Earl Lloyd, West Virginia State
Lloyd led West Virginia State to two Central Intercollegiate Athletic Association (CIAA) Conference and Tournament Championships in 1948 and 1949. He was named All-Conference three times (1948–50) and was All-American twice. As a senior, he averaged 14 points and 8 rebounds per game, while leading West Virginia State to a second-place finish in the CIAA Conference and Tournament Championship. In 1947–48, West Virginia State was the only undefeated team in the United States, with a 30-0 record.
Earl Lloyd was the first African American player to have played a game in the National Basketball Association (NBA). Lloyd’s NBA debut came on October 31, 1950, with the Washington Capitols. Earl only played seven games with Washington before being drafted into military service. When he was discharged in 1952, the Caps had folded and his playing rights had been acquired by Syracuse.
Lloyd would spend six seasons with the Nats – making him the first black player in franchise history – and was a starter on the 1955 team that won the franchise’s first championship. Lloyd and teammate Jim Tucker were the first African Americans to win an NBA title. Lloyd also became the first black assistant coach in the NBA, and was the second black Head Coach in the NBA.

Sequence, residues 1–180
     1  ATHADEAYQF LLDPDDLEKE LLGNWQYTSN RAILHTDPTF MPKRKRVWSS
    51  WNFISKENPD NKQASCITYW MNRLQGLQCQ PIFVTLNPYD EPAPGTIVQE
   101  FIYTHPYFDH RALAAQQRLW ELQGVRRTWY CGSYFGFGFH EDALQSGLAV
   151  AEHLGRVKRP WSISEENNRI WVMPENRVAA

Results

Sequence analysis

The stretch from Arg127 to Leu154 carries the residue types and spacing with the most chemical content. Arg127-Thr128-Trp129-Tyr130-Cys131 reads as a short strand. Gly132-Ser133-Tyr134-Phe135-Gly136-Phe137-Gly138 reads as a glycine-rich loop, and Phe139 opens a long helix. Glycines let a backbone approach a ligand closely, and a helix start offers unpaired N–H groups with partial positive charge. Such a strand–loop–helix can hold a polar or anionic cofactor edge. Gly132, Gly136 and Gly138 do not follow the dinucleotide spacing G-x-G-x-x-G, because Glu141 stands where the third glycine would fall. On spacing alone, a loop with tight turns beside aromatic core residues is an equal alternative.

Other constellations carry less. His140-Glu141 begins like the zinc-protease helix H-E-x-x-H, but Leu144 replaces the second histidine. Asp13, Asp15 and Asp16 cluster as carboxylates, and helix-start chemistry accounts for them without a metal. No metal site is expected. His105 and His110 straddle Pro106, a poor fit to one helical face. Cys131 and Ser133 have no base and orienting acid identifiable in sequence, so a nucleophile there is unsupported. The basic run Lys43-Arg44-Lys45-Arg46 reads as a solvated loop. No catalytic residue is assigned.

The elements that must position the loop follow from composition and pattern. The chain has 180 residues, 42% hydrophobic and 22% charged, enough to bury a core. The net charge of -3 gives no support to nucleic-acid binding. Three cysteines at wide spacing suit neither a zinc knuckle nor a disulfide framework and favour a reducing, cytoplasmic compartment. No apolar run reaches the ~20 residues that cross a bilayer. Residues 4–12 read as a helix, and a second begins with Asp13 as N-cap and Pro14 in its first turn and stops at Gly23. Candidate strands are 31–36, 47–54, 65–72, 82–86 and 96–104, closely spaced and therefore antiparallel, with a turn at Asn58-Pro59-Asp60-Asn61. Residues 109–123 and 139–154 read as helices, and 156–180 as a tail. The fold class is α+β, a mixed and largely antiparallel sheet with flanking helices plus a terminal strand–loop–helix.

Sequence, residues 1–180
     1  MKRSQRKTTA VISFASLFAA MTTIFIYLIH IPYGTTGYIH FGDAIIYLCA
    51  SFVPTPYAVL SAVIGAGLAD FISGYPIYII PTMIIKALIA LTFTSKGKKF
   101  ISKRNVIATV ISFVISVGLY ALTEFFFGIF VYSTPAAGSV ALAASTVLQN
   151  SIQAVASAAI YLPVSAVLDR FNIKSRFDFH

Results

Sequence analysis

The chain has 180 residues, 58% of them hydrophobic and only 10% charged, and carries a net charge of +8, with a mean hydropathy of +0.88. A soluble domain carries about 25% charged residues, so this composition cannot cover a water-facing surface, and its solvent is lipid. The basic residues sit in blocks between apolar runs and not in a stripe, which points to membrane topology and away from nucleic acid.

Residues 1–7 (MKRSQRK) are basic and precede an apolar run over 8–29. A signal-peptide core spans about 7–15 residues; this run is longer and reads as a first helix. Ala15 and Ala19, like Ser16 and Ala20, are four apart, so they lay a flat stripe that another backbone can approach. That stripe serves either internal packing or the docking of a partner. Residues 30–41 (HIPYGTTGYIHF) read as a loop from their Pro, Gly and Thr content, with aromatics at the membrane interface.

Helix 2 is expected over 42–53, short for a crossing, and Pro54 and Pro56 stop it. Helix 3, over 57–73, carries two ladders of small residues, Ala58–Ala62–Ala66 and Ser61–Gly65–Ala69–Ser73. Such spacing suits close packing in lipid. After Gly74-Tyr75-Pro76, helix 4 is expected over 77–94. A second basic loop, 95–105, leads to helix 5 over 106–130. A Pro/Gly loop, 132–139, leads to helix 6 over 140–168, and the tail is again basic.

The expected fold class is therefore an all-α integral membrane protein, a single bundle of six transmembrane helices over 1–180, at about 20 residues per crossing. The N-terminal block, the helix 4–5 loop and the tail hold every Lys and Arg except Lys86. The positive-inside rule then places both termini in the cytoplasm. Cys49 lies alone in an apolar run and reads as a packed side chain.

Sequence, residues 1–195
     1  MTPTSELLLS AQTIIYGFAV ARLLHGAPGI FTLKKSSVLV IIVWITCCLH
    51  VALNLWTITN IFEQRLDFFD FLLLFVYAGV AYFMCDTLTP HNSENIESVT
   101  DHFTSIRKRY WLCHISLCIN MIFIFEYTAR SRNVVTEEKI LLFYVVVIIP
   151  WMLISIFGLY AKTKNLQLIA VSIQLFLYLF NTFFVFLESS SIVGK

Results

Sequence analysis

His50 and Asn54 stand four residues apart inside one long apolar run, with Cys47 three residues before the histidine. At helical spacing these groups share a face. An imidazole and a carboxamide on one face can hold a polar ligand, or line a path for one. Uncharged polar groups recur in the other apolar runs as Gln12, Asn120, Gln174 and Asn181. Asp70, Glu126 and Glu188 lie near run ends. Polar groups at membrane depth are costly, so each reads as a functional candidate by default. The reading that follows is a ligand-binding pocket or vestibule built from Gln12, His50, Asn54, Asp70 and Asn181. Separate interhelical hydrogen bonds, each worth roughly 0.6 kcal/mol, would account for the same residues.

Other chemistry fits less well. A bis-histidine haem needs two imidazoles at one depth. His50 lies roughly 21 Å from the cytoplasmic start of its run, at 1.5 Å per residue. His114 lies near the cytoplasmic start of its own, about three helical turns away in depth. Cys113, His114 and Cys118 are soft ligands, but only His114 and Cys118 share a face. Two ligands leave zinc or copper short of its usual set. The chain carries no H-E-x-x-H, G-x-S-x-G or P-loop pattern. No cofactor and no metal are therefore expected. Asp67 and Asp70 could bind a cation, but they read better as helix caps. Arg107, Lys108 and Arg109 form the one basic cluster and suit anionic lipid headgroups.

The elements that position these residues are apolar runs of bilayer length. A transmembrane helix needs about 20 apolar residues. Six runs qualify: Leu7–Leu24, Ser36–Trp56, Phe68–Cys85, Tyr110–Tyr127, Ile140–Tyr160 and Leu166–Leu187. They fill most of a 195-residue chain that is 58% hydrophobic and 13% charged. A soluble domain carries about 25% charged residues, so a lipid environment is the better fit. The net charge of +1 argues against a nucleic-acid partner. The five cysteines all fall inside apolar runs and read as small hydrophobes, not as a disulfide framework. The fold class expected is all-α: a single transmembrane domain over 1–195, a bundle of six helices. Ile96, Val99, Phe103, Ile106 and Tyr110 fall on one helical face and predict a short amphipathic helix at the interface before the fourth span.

Lloyd’s accomplishments have been recognized throughout the years by a variety of different groups in a variety of different ways. He was inducted into the national Naismith Basketball Hall of Fame in 2003. He has also been honored with induction into the West Virginia State University Hall of Fame, the state of Virginia Athletic Hall of Fame, the state of West Virginia Athletic Hall of Fame, the National Association of Intercollegiate Athletics Hall of Fame, the Black College Alumni Hall of Fame and the Parker-Gray High School Hall of Fame. He was named to the CIAA Silver Anniversary Team and was voted as one of the CIAA’s 50 Greatest Players, and was named as the CIAA Player of the Decade for the 1940’s. In 2001, the Congressional Black Caucus Policy and Leadership Institute bestowed the inaugural “Legends of Black History” Sports Award on Lloyd, and in 2008 the U.S. House of Representatives honored Lloyd with a Congressional Resolution. In 2007, the newly constructed basketball court at T.C. Williams High School in Lloyd’s home town of Alexandria, Va., was named in his honor. Lloyd's remarkable story is the subject of the documentary film “The First To Do It."